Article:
First MTU module for A320neo EIS assembled

First MTU module for A320neo EIS assembled

If everything goes according to schedule, Airbus is planning on having a big celebration at its Hamburg plant before the year is out. In the aviation industry with its long product cycles, occasions warranting a big party are rare. The reason to celebrate this time is the official handover of the first aircraft of a new type – the A320neo – to the customer.

The first A320neo jets will be powered by the PW1100G-JM, one of two engine options for airlines to select from when ordering their aircraft. In the PW1100G-JM program, MTU Aero Engines is responsible for the high-speed low-pressure turbine and the forward four stages of the high-pressure compressor. In addition, the German engine company produces brush seals and nickel blisks (also called integrally bladed rotors, IBRs) for high-pressure compressor components that are not part of MTU’s work share.

In late March, Airbus in Toulouse began flight testing of the second test aircraft equipped with Pratt & Whitney engines. By the middle of the year, the first two engines to be delivered to the customer will be sent to the manufacturer. As far as its participation in the program is concerned, MTU has just completed a decisive step towards meeting its commitments: Assembly of the first low-pressure tur-bine for EIS (Entry into Service) has been completed.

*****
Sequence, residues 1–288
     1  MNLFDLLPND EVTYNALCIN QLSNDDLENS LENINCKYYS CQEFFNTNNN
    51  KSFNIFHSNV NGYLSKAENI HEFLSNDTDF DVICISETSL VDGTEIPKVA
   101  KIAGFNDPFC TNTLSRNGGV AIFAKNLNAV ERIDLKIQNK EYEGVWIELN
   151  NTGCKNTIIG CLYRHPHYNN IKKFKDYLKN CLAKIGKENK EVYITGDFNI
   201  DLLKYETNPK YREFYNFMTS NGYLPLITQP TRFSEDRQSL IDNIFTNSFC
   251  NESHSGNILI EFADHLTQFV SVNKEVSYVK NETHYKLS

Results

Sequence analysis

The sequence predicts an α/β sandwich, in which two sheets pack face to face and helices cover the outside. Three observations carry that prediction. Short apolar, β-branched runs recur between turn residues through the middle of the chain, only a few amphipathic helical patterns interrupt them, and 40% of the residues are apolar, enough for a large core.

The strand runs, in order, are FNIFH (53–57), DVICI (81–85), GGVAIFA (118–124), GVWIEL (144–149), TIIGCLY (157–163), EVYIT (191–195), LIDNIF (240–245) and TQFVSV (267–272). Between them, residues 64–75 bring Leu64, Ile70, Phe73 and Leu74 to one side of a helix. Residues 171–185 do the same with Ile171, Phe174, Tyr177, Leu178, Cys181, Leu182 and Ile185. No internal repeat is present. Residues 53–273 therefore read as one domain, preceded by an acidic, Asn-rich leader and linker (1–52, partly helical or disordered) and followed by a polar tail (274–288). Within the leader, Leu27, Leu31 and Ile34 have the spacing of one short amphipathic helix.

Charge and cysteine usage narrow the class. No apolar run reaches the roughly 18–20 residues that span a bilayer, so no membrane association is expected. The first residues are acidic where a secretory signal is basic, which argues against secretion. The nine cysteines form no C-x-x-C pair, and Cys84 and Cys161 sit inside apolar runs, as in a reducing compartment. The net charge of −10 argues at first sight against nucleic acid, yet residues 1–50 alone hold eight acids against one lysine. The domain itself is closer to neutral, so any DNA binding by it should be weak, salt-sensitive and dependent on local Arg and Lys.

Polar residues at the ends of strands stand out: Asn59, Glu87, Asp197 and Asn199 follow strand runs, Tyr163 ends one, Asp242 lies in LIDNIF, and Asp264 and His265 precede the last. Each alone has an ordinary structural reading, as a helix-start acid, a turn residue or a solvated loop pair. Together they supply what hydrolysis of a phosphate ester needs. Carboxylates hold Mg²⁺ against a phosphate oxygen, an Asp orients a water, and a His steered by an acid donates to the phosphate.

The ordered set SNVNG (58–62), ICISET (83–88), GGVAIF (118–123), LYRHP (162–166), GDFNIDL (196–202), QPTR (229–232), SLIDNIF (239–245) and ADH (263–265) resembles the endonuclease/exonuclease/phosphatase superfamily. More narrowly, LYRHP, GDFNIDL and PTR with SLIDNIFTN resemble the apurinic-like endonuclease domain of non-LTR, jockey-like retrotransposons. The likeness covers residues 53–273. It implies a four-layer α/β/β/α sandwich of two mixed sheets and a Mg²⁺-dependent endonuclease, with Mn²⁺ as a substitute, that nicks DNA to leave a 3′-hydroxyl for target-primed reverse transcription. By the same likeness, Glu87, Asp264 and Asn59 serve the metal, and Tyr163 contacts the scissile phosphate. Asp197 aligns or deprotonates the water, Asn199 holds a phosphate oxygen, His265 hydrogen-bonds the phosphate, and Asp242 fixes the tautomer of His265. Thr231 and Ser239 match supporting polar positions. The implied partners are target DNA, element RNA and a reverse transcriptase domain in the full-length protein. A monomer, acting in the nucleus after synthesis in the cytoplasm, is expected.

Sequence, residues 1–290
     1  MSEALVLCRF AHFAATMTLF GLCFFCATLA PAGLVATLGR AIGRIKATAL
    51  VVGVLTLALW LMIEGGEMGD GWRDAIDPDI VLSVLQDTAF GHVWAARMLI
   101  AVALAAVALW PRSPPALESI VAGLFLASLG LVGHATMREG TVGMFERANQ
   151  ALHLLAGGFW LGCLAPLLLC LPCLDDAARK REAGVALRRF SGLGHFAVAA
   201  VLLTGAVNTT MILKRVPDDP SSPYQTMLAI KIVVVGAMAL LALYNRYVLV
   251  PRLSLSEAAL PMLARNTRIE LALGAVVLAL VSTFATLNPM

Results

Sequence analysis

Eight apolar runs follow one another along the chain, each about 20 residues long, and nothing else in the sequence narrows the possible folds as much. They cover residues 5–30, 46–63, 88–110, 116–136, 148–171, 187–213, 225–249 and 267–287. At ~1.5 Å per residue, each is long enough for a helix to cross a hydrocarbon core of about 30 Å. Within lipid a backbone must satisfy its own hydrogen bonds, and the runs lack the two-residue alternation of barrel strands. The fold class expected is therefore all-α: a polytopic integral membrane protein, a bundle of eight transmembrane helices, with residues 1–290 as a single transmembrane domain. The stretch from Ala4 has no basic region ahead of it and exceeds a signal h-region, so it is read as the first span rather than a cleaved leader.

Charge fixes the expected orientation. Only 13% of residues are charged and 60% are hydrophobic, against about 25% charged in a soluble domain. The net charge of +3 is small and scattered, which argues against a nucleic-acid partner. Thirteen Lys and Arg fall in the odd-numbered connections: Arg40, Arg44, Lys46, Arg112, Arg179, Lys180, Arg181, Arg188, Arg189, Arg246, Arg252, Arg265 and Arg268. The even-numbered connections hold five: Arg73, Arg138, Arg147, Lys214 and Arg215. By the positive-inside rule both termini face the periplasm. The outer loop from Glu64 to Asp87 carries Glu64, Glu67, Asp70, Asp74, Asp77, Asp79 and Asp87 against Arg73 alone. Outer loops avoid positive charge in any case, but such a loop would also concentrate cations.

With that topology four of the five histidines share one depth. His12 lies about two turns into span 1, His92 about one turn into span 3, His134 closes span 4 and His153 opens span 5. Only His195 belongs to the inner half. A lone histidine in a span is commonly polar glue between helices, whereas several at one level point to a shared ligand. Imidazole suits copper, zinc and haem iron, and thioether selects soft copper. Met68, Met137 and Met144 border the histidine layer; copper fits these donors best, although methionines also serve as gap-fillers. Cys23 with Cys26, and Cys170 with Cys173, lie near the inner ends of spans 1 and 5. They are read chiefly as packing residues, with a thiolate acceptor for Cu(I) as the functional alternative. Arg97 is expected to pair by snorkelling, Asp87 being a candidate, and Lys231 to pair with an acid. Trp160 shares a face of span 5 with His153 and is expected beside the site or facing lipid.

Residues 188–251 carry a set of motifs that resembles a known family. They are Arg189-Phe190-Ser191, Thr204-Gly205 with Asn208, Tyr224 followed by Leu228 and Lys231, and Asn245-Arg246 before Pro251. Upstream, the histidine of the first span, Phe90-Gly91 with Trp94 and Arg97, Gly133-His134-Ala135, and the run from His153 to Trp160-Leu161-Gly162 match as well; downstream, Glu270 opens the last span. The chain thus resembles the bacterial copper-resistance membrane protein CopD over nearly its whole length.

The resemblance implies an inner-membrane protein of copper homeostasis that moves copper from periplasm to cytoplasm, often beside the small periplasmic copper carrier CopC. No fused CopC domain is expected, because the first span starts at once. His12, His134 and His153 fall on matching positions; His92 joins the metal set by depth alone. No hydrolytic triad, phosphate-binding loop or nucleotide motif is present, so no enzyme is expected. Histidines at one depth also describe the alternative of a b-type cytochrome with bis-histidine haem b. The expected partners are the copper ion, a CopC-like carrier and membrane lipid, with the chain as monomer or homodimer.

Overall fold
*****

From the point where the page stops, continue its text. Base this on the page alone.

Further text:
The employees are immensely proud of this production milestone. MTU is currently the only manufacturer of low-pressure turbines that concurrently assembles the individual modules for the PW1000G family at two different facilities: in Munich, Germany, and in Rzeszów, Poland. Once complete, the modules are sent to Pratt & Whitney, MTU’s partner in the program, where final assembly takes place.

As far as the PW1000G engines for the A320neo are concerned, this process will soon change. MTU’s stake in this program is 18 percent and includes the final assembly of PW1100G-JM engines at MTU in Munich. Production assembly will be gradually ramped up starting in the spring of 2016. Once the assembly line is working at full capacity, the shop floor in Munich will assemble, test, package and deliver an engine a day from 2018 on.

While it can be expected that delivery of the first A320neo will indeed cause a bit of a stir, things will soon be back to normal again at the Airbus facilities in Hamburg and Toulouse. The airframer’s order book for the revamped, reengined versions of the Airbus A320 single-aisle aircraft family launched in 2010, which also includes the shortened A319neo and the stretched A321neo variants, stands at  3,300 firm orders. Moreover, customers have taken out options for 600 of the jets.

Photos: Airbus S.A.S. 2014 / H. Gousse / F. Lancelot